soaked in water
250 gms peeled, diced red pumpkin
8-10 pearl or sambhar onions,
5 okra or bhindi, washed, dried
completely, sliced lengthwise
8 baby aubergines,
stalks removed, quartered
¼ cup finely chopped fresh
200 gms baby grape tomatoes or chopped red tomatoes
1½ tsp salt or to taste
5 tbsp ghee or vegetable oil
2 tsp black mustard seeds
½ tsp cumin seeds
a pinch of asafoetida powder
4 green chillies,
1½"- 2" long, finely chopped
12 fresh curry leaves, torn
3 tbsp peeled, julienned
fresh ginger root
½ cup finely chopped white onions
>> Wash the dal and drain. Put the dal in a large heavy-bottomed pan that has a tight-fitting lid with the sambhar or Kumta masala powder, turmeric powder, sugar, tamarind paste and 8 cups of water. Cover and boil for about 50 minutes on medium heat, stirring occasionally.
>> Alternatively, pressure-cook for 20 minutes with 6 cups of water on low heat after the cooker reaches full pressure.
>> Add the potatoes and pumpkin and boil for about 5 minutes or pressure-cook for 3 minutes with 1-2 additonal cups of water.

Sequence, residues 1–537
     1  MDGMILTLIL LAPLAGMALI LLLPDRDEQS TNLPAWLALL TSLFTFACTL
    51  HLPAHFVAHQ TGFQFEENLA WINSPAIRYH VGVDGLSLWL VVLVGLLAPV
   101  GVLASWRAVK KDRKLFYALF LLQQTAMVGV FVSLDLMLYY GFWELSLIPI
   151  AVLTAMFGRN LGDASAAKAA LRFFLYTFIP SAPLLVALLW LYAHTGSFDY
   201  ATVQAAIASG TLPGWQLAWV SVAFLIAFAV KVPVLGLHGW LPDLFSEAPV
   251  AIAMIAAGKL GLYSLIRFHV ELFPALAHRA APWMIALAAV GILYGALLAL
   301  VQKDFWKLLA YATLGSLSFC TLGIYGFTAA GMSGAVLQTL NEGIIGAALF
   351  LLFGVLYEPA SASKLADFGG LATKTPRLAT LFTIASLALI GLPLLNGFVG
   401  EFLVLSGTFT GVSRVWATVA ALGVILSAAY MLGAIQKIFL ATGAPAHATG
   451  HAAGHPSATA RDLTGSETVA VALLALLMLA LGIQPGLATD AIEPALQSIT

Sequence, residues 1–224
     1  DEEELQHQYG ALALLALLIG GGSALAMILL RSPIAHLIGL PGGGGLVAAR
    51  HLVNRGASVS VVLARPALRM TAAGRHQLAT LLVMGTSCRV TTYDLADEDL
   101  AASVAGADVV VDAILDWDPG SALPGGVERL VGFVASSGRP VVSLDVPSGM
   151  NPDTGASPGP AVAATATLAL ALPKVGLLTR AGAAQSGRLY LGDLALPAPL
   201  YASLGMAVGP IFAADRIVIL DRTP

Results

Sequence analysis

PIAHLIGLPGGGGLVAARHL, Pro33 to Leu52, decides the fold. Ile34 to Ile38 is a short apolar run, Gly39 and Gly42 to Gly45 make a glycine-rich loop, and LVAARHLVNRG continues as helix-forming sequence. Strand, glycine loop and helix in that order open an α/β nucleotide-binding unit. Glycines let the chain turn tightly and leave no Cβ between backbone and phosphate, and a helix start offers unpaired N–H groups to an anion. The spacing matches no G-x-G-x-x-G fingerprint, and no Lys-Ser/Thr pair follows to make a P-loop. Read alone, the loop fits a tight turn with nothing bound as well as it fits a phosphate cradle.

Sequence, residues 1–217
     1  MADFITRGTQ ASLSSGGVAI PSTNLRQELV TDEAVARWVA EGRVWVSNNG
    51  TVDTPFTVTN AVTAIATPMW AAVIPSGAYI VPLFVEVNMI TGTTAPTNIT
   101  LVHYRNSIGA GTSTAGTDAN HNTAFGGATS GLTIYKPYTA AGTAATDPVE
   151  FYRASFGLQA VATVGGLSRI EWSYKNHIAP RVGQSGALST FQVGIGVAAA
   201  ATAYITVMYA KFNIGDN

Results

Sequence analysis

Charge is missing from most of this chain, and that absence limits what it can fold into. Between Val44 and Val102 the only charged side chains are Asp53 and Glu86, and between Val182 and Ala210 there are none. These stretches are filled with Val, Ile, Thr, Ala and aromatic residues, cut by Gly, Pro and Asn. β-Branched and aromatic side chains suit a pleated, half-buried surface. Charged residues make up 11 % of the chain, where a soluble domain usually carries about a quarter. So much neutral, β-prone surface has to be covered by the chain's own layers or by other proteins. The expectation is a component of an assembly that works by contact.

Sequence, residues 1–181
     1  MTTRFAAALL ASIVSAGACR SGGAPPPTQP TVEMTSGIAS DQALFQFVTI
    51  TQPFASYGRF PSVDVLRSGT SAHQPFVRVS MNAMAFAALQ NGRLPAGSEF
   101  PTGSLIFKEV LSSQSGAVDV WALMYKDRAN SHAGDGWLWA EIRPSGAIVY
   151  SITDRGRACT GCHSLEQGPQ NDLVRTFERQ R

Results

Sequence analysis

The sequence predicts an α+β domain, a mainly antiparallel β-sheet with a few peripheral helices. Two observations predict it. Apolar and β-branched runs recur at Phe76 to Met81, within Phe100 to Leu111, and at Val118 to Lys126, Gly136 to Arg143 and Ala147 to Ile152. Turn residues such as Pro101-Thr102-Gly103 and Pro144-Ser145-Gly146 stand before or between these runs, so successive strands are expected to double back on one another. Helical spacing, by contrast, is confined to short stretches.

Add the remaining vegetables and simmer till they are tender and the tomatoes and dal have disintegrated, or pressure-cook for 10 minutes.
>> Put the ghee or oil for tempering in a skillet on high heat. Add the remaining ingredients, except the onions. Cook for 30-60 seconds, till the spices splutter and are fragrant.
>> Add the onions and sauté for 1 minute.
>> Pour the contents of the skillet into the hot dal and stir well.
>> Pour 1 cup of water into the skillet, mop up the spiced oil and pour it over the lentils. Simmer for another 10 minutes.
>> Mix in the salt. Adjust the spices and sugar.
>> Serve hot with plain, boiled, white or brown rice.